The former British financial regulator weighs in on the debt crisis and predicts what might happen with interest rates
European stocks rebounded on Aug. 17 after the previous day's heavy losses, with major indices up 1% to 3%. The U.S. Federal Reserve's decision the same day to cut one of its interest rates in a bid to ease the liquidity squeeze seems to have, at least temporarily, calmed the world's jittery financial markets. But after a week of tumultuous market volatility across the globe and a concession by the Fed's own Chairman Ben Bernanke that "the downside risks to growth have increased appreciably," it's no wonder that investors are still nervous.
BusinessWeek's London correspondent Kerry Capell spoke on the morning of Aug. 17, prior to the Fed's move, to Howard Davies, director of the London School of Economics, about what the future holds. Davies was formerly the chairman of the Financial Services Authority, the British equivalent of the U.S. Securities & Exchange Commission, and a deputy governor of the Bank of England. He currently sits on the board of Morgan Stanley (MS) and formerly sat on the board of Total (TOT).
In this wide-ranging discussion, Davies offers his views on everything from the genesis of the current crisis to future risks.
With the market volatility showing little sign of abating what do you believe will happen with interest rates?
The expectation that people had until a few weeks ago was that interest rates would carry on rising. But at the moment, the likely consequence of this market turmoil in terms of interest rates is for the U.S. Federal Reserve to lower. The debate now is whether or not the Fed will step in sooner than September. It will be a bold central bank that raises rates in this environment.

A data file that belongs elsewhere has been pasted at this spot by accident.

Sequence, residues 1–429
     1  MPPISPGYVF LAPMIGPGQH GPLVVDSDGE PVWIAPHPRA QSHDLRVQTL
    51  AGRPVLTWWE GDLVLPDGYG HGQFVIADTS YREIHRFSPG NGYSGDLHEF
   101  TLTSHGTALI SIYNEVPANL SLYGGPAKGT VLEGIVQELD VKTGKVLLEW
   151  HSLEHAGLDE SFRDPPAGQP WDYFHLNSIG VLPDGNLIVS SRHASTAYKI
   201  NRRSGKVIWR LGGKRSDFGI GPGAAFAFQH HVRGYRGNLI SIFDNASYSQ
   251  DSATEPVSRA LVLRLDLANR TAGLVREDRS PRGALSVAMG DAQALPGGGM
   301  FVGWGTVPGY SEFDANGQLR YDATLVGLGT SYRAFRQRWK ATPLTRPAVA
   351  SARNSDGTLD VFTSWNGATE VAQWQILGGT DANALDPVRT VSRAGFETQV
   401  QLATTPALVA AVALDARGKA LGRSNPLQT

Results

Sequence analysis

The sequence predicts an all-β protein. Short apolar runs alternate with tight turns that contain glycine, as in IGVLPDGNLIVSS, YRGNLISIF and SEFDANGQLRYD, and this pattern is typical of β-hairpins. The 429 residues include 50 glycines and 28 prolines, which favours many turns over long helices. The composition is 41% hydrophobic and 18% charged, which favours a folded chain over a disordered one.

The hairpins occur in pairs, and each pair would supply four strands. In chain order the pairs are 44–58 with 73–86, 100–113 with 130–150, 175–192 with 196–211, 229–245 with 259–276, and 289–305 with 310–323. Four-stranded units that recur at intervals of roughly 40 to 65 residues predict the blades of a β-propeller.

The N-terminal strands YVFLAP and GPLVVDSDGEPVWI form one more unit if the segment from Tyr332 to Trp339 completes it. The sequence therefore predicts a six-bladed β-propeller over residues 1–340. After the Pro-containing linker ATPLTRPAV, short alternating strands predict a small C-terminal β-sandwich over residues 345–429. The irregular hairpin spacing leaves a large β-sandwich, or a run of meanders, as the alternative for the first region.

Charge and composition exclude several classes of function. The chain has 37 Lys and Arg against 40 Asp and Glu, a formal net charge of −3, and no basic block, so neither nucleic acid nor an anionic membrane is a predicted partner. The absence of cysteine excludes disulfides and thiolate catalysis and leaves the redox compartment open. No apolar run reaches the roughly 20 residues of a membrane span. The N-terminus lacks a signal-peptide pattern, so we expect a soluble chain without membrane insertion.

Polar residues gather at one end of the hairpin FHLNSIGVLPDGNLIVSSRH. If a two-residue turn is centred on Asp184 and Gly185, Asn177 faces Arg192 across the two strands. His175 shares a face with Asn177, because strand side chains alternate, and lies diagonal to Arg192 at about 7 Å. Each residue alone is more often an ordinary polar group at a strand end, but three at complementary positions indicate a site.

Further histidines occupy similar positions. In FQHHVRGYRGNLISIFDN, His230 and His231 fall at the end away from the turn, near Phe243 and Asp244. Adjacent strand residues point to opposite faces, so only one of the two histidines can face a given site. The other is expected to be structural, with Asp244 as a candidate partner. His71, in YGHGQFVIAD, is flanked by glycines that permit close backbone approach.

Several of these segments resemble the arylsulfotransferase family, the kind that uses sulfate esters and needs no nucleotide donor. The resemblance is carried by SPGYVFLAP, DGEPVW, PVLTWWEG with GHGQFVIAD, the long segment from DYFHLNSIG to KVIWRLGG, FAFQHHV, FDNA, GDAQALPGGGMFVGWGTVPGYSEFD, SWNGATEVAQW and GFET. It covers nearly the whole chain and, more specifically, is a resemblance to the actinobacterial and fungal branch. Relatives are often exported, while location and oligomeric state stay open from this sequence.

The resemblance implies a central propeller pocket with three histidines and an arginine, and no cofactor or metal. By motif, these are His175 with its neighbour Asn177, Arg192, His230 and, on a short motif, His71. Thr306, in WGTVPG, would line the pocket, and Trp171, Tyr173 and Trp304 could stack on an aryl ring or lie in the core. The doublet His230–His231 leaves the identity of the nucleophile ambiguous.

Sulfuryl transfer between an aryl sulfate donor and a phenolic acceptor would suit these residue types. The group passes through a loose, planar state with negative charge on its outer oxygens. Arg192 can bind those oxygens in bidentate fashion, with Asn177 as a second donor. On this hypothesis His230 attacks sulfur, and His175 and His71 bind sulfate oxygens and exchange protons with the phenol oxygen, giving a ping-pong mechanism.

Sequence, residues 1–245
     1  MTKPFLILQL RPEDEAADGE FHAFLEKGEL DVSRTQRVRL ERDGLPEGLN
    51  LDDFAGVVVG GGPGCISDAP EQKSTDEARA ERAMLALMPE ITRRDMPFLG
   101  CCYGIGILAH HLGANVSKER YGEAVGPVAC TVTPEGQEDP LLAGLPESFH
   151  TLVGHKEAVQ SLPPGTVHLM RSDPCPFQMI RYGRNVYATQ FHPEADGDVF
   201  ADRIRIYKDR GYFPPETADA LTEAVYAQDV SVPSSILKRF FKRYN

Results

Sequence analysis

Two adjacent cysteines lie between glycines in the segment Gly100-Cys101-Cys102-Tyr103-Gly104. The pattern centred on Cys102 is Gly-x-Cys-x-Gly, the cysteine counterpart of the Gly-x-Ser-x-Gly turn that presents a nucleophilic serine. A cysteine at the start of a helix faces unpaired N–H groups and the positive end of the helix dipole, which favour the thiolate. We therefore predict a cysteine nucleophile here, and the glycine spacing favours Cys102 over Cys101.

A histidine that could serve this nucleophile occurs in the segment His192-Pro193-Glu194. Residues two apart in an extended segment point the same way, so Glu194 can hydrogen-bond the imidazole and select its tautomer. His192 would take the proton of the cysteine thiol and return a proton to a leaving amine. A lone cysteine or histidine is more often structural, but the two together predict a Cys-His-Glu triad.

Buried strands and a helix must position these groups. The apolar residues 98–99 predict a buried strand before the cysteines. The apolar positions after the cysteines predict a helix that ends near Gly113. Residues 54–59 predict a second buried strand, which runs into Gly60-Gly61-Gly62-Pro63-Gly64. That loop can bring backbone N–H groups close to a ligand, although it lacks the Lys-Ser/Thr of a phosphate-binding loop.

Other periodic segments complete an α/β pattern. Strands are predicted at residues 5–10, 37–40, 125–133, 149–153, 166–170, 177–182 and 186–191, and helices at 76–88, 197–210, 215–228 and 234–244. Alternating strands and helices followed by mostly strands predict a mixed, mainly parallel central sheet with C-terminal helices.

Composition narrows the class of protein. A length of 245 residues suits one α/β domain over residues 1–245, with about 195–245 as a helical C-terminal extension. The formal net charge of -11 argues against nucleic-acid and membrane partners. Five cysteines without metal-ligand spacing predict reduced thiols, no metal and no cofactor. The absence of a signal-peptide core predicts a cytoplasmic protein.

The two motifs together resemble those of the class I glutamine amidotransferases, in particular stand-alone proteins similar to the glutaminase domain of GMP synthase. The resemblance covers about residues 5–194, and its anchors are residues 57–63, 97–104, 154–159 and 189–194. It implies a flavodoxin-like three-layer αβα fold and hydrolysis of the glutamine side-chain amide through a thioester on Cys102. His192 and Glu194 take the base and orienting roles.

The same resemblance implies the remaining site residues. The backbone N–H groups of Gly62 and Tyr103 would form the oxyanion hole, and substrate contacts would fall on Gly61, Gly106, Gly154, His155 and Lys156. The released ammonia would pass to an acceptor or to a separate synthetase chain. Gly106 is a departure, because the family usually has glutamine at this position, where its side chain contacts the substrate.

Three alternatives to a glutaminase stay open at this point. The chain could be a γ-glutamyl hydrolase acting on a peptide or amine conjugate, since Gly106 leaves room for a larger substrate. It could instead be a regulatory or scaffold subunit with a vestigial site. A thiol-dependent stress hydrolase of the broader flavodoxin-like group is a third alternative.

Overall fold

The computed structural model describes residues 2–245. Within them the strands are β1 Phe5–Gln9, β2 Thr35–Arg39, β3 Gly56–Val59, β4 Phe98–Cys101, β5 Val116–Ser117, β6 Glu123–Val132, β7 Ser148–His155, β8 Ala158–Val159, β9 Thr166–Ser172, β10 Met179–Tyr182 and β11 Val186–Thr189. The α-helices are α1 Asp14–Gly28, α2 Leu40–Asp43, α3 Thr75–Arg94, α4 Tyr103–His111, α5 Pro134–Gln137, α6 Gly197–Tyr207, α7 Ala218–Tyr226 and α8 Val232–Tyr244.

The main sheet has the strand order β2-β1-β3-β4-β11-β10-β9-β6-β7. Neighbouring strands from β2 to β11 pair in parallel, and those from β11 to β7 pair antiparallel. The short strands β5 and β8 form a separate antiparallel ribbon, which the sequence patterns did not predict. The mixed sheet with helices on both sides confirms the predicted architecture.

On Aug. 2, European Central Bank President Jean-Claude Trichet signaled that the ECB remains on track to raise its benchmark rate by a quarter-point to 4.25% in September, saying the bank would show "strong vigilance" on inflation. Is a rate rise still likely?
The ECB probably will not raise rates in September as previously expected. As long as the market volatility continues, the risk of raising rates and creating even more market turmoil is pretty high. As for the Bank of England, last week's improved inflation figures and the current market conditions argues for the BoE sitting tight. As long as what's going on in the financial markets doesn't change Britain's inflation prospects, we will probably not see any reduction in interest rates from the BoE.